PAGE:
Did you know at least 2 in 3 Australians will be diagnosed with a skin cancer before the age of 70?

It’s no surprise that our summers seem to be getting longer and hotter, so, having your skin checked by a doctor on a regular basis is important to spot any problems (whatever your skin type).

April 14, 2022

At least 2 in 3 Australians will be diagnosed with skin cancer before the age of 70. And the risk is higher in men (2 in 3) than in women (3 in 5).  

Risk factors

You are at higher risk of developing skin cancer if you have:

  • Fair skin that burns easily and does not tan
  • Blue or green eyes and/or fair or red hair
  • Suffered sunburn as a child
  • Spent your childhood in Australia
  • Lots of freckles or moles
  • A family or personal history of skin cancer
  • Used a solarium
  • Worked or spent a lot of leisure time in the sun

Ultraviolet (UV) radiation from the sun

  • Sun exposure is the cause of around 99% of non-melanoma skin cancers and 95% of melanoma skin cancers in Australia.
  • UV radiation from the sun causes sunburn, premature ageing of the skin, eye damage and skin cancer.
  • Each time your unprotected skin is exposed to UV radiation, it changes the structure of the DNA in the skin cells. Overexposure to UV radiation permanently damages the skin and the damage gets worse with each exposure.
  • Sun protection throughout our lives is important, particularly during childhood. UV exposure in childhood greatly increases the chance of getting melanoma later in life because the damaged cells have time to grow and develop into cancer.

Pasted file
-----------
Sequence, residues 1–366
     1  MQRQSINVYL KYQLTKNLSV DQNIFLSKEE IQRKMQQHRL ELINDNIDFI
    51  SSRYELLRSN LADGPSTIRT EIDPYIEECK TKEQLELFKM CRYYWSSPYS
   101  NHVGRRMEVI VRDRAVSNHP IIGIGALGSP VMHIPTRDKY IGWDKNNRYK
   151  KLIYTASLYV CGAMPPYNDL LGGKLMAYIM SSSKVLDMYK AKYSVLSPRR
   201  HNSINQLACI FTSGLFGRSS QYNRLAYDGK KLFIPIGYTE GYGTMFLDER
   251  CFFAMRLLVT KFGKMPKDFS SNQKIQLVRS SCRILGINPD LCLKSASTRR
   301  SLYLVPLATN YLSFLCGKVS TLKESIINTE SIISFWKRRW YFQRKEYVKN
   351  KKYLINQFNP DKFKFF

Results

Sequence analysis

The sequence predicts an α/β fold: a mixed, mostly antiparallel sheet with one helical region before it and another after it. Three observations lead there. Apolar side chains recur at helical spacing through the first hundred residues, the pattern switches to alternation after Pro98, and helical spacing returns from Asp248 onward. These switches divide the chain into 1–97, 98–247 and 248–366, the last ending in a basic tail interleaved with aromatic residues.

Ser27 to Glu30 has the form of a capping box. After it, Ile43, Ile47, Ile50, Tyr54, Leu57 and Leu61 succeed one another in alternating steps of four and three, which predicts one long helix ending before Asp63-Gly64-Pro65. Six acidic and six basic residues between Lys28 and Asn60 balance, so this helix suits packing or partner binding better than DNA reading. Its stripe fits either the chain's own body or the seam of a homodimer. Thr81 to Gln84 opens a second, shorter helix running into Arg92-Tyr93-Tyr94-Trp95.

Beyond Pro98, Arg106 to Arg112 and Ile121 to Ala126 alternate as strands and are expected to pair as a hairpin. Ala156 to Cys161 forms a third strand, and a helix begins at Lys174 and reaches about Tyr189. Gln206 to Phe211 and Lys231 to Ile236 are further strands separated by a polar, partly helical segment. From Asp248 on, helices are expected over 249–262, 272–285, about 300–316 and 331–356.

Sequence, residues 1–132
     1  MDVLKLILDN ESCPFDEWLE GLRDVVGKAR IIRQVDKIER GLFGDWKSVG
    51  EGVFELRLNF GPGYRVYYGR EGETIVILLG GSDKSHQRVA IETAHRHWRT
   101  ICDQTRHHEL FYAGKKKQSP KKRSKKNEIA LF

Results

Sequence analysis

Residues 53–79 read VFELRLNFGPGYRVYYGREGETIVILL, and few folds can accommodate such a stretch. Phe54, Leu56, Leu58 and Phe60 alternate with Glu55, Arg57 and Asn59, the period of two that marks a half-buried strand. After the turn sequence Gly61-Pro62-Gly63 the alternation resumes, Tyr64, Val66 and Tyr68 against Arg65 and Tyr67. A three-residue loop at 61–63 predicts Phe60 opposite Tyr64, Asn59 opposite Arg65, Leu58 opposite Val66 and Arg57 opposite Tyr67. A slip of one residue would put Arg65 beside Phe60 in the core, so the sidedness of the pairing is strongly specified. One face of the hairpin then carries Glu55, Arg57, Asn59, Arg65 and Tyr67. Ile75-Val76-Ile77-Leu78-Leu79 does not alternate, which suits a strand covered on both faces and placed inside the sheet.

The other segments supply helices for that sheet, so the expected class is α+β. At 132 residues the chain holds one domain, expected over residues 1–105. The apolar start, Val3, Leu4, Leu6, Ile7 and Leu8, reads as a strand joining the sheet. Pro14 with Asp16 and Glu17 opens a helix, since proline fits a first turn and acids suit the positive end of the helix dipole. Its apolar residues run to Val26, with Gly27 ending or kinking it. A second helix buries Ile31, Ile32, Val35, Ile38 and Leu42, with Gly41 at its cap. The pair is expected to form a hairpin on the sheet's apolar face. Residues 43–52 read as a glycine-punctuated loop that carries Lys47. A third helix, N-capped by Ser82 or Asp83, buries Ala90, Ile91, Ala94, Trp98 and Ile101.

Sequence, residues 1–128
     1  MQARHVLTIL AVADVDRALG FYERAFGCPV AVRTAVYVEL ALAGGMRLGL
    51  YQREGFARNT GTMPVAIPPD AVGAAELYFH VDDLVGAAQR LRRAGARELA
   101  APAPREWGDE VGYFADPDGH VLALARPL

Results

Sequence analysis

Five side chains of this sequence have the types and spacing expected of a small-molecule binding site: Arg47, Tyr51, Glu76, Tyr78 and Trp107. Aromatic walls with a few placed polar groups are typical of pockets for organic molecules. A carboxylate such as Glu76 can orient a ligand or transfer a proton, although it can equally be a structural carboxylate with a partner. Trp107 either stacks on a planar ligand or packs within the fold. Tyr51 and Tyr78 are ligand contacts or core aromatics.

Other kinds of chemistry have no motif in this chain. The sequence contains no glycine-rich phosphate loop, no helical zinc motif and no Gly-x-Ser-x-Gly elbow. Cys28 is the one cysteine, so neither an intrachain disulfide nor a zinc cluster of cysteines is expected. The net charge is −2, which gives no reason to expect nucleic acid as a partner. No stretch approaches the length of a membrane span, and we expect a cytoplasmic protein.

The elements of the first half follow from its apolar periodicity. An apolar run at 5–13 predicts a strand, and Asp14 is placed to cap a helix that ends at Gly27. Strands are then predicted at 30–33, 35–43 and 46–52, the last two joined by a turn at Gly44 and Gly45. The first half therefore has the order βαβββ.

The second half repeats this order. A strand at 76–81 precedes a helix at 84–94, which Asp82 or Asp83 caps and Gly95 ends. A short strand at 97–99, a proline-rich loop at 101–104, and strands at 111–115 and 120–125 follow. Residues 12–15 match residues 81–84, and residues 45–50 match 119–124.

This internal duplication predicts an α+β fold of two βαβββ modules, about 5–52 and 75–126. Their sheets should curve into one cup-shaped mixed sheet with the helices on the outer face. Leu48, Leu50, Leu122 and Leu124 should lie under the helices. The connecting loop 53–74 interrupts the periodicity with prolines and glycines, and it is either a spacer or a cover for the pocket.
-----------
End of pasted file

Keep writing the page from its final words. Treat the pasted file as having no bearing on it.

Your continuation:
UV radiation from solariums (sunbeds or sunlamps)

  • Solariums expose the user to UVA and UVB radiation, increasing their risk of developing skin cancer.
  • Cancer Council WA does not recommend using solariums for cosmetic tanning under any circumstance; in fact, commercial solariums are now banned in every Australian state and territory.  


  • In Australia, sunburn can occur in as little as 10 minutes on a fine summer day. Sunburn at any age, whether serious or mild, can cause permanent skin damage.
  • Sunburn is a major risk factor for developing melanoma, the most dangerous form of skin cancer. Melanoma is more likely to occur in people who are exposed to the sun every now and then (for example, on weekends or holidays, especially if they get sunburnt), not a little bit every day.
  • However, people who have accumulated a lot of sun exposure continuously (for example, outdoor workers) are also at increased risk.


  • Having a tan is a sign that the skin has been overexposed to UV radiation and damage has occurred, putting you at an increased risk of developing skin cancer. Even a light tan shows that the skin has been damaged. Too much UV radiation also makes you look old before your time - making your skin look saggy, wrinkly, and leathery.
  • Some people think it's safe to tan if they don't burn. This is not true - there is no such thing as a healthy or safe tan.
Protect your skin

For best protection, when the UV level is 3 or above, the Cancer Council recommends a combination of sun protection measures:

  • Slip on some sun-protective clothing - that covers as much skin as possible.
  • Slop on broad spectrum, water resistant SPF30 sunscreen. Put it on 20 minutes before you go outdoors and every two hours afterwards. Sunscreen should never be used to extend the time you spend in the sun.
  • Slap on a hat - that protects your face, head, neck and ears.
  • Seek shade.
  • Slide on some sunglasses - make sure they meet Australian standards.

Be extra cautious in the middle of the day when UV levels are most intense and make sure you visit your doctor for a skin check if you notice any changes or new moles on your skin.

For more information, visit: Cancer Council WA

Source: Cancer Council WA

Health and Fitness